Think I’m being unfair? Sebastian “lousy product” Thrun essentially admitted this to Fast Company last year. With respect to Coursera, do you remember the Google Document that brought down that online learning MOOC? The superprofessor who quit his MOOC in the middle of the course? How about the “no right answers” guy? These were not, as the MOOC Messiah Squad always like to put it, “the best of the best.” The people running these MOOCs were the worst of the best of the best, which actually turns out to be pretty darn bad in some cases. Well, I hate to judge a situation solely through its news coverage, but it looks like we have a new entrant in this particular Hall of Shame. From the Chronicle:
A massive open online course on making sense of massive open online courses caused massive confusion when the course content was suddenly deleted and the professor started writing cryptic things on Twitter. The MOOC, called “Teaching Goes Massive: New Skills Required,” was taught by Paul-Olivier Dehaye, a lecturer at the University of Zurich. Offered through Coursera, the course had been conceived of as a meta-MOOC designed to help disoriented educators find their feet in the online landscape. The course “grew out of the author’s experiences as an early adopter and advocate of newer technologies (such as Coursera) for online teaching,” according to a description on Coursera’s website. So far, the course has produced chaos rather than clarity. All the videos, forums, and other course materials mysteriously vanished from the website last week. As students in the course grappled with the bizarre turn of events, Mr. Dehaye offered only vague, inscrutable tweets.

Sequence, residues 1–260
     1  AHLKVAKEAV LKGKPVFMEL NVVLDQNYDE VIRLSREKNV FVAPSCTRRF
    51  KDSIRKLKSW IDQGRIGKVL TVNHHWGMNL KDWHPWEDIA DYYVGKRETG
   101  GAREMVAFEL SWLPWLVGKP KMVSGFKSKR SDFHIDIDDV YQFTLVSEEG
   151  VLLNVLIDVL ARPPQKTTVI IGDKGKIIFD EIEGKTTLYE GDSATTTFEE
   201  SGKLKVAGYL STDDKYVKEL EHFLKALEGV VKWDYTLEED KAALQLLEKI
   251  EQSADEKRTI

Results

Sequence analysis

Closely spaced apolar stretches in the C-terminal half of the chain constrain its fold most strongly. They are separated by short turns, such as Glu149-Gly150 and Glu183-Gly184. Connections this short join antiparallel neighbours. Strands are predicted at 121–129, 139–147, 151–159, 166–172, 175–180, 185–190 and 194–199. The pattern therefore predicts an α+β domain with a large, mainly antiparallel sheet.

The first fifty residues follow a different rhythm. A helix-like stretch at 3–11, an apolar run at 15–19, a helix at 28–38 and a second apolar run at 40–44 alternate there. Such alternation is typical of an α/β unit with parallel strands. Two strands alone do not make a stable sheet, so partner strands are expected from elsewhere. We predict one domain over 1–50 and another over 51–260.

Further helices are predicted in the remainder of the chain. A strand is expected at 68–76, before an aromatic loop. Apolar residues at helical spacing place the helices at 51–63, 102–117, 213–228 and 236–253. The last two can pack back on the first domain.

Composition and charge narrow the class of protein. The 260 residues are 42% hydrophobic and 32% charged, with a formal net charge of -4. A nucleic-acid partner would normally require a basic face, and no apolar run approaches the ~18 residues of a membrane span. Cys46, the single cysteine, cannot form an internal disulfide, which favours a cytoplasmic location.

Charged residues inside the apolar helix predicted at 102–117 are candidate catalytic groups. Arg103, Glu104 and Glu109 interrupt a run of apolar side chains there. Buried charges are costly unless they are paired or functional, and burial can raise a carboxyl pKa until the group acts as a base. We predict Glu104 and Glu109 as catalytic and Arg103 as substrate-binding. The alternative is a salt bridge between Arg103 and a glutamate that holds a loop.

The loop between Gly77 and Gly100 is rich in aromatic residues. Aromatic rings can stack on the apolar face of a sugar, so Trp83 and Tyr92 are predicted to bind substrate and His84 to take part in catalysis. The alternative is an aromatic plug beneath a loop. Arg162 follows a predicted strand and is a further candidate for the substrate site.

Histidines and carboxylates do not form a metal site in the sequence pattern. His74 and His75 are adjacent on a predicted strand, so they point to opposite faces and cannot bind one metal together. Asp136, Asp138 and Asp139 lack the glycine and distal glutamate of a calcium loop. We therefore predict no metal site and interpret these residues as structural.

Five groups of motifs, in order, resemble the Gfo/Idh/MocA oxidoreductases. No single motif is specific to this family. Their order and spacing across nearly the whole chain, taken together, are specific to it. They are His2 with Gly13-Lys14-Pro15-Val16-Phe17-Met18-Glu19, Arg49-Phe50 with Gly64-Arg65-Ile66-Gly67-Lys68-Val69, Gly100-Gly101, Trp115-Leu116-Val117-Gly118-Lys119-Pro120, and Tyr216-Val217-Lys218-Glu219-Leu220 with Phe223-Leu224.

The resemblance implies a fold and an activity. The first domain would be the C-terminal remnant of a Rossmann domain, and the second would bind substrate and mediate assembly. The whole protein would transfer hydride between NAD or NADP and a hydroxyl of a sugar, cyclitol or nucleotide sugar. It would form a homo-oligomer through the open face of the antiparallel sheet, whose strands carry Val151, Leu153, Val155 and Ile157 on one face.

And here’s some of the IHE coverage, which begins to explain the reasons for this weirdness:
“[Dehaye] appears to be conducting a social media/MOOC experiment in the most unethical manner,” the student said in a post that is currently the most viewed on the forum. “In my opinion his behavior is discrediting the University of Zurich, as well as Coursera.”
As the mystery captivated the post-holiday weekend crowd on Twitter, more details about the potential experiment were unearthed. Kate Bowles, a senior lecturer at the University of Wollongong, found Dehaye’s name attached to a 2003 paper in which the authors calculated how 100 people could escape from imprisonment when their only means of communication was a lightbulb.
Bowles also found what appeared to be Dehaye’s contributions to the community blog MetaFilter.